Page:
It’s “the rest of it” that Dave Goldberg and Jeff Blomquist want to explain in A User’s Guide to the Universe, and they came into the writing knowing one thing: when explaining the universe, it’s easy to get complicated, difficult to stay simple, and dangerous to be boring. Here’s how they got the most bang out of everything since the Big Bang.

DAVID GOLDBERG and JEFF BLOMQUIST:

There are a lot of books out there on physics and cosmology, and nearly every one of them touts as their chief virtue that they are “accessible.”  That said, we can’t tell you how many conversations we’ve had with our civilian friends about some science bestseller in which they say something along the lines of, “That book was amazing, though I’m sure I didn’t understand a tenth of it.”  There’s probably a bit of undue modesty here, but also a kernel of truth.  It’s our experience that most pop-sci books go for the “Wow” factor and as a result, they end up as beautifully written, almost poetic odes to the universe, but ones that are perhaps better at awing than illuminating.

A couple of years ago, we were teaching a freshman physics course at Drexel University, and frankly, we were bored with teaching students about pulleys and blocks on planes.  And the students were bored with those things, too.  We constantly got questions after class or in the hallways asking about things that they will most likely never get to see in a classroom: time travel, the time before the big bang, the search for extraterrestrial intelligence.  But it wasn’t just them. At parties, on airplanes, while waiting at the DMV, we got questions from friends, from our editors, and sometimes from complete strangers.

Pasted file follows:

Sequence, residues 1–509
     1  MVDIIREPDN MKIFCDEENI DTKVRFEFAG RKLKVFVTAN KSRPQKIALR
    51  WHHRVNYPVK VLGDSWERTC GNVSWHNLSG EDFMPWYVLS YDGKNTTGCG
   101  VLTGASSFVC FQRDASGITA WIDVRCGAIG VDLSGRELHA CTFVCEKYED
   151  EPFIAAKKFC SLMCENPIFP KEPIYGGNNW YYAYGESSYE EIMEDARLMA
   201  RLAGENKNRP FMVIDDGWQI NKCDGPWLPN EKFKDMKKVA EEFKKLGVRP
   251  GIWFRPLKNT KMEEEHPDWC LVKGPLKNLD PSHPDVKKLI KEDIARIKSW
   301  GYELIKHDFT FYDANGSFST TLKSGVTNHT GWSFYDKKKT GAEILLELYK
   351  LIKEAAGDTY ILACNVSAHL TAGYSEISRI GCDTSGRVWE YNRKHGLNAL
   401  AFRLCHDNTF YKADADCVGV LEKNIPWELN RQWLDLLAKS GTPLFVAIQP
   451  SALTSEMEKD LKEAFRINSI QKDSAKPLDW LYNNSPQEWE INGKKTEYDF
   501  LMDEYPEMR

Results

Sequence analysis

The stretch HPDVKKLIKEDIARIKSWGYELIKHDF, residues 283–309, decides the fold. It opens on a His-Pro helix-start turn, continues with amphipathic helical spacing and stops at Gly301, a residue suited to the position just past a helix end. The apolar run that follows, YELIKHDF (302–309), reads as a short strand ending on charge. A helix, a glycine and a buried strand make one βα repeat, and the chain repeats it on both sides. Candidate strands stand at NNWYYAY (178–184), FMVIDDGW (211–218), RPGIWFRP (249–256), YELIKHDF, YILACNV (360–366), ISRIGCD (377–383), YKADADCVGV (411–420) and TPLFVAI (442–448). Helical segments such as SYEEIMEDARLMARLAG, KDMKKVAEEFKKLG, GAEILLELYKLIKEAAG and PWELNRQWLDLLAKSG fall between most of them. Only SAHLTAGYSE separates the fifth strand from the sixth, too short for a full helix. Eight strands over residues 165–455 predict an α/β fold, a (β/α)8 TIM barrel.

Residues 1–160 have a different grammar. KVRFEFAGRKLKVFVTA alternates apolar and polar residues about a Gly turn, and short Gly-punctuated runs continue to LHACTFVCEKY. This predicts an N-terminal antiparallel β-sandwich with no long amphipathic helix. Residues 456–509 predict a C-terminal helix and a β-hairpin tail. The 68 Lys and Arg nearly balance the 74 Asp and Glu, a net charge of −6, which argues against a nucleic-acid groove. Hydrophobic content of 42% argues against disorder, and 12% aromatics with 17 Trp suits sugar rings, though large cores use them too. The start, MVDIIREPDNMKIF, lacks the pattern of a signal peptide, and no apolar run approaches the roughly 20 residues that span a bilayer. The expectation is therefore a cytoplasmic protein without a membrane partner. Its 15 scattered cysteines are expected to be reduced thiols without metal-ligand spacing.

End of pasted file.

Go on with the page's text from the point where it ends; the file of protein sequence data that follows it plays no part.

And that’s where we came up with our big idea: answer the Big Questions.  But (and here’s the hard part) they had to be the sort of questions that people actually might — and do — ask, and not read like a FAQ for some freeware CD-burning program.

Can you break the light barrier?  Is there an exact duplicate of you somewhere else in time and space? What happens if you fall into a black hole? These are the kinds of questions complete strangers found so important. Our inaugural question, the one that really got us started, was, “I know the universe is expanding, but what is it expanding into?”  From Nova, the Discover Channel, or even other books, most people are pretty aware of the buzzwords and core concepts, but not what, say, it actually means for a universe to expand, let alone what’s on the other side.  And that’s where we come in.

Our goal is to explain not only what we know, but how we know it, and more importantly, what it means. We wanted to leave readers with the sort of gut understanding that physicists have, only without the math gumming up the works.  We wanted to make clear the distinction between what we really know, and what’s still on the fringe.  We wanted to focus on the science, and not the history; we give credit where credit is due, but don’t go in for the narrative description of “Eureka moments.”

Just as important, we didn’t want to take ourselves too seriously. We realize that every “irreverent guide to physics” tries to make physics fun and accessible, but we opted to throw propriety to wind entirely.  At the center of this are our cartoons.  During graduate school, Jeff papered his office with terrible puns, including (our favorites), “The Solar Neighborhood” (which showed Pluto passed out on his lawn), and ridiculously dorky “How physicists can cheat at tag,” which we put into the final book, and which appears below.

We figured that if we were having fun, readers would, too.  We put in (à la Dave Barry) silly footnotes.  We make fun of our readers (see if you can find the Easter egg in the index), and our mascot is an alien named Dr. Snuggles.  In short, we wanted to write the funniest and most useful physics book you’ll read all year.

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A User’s Guide to the Universe: Amazon|Barnes & Noble|Indiebound|Powell’s

Read an excerpt. See additional cartoons. Download the coloring book.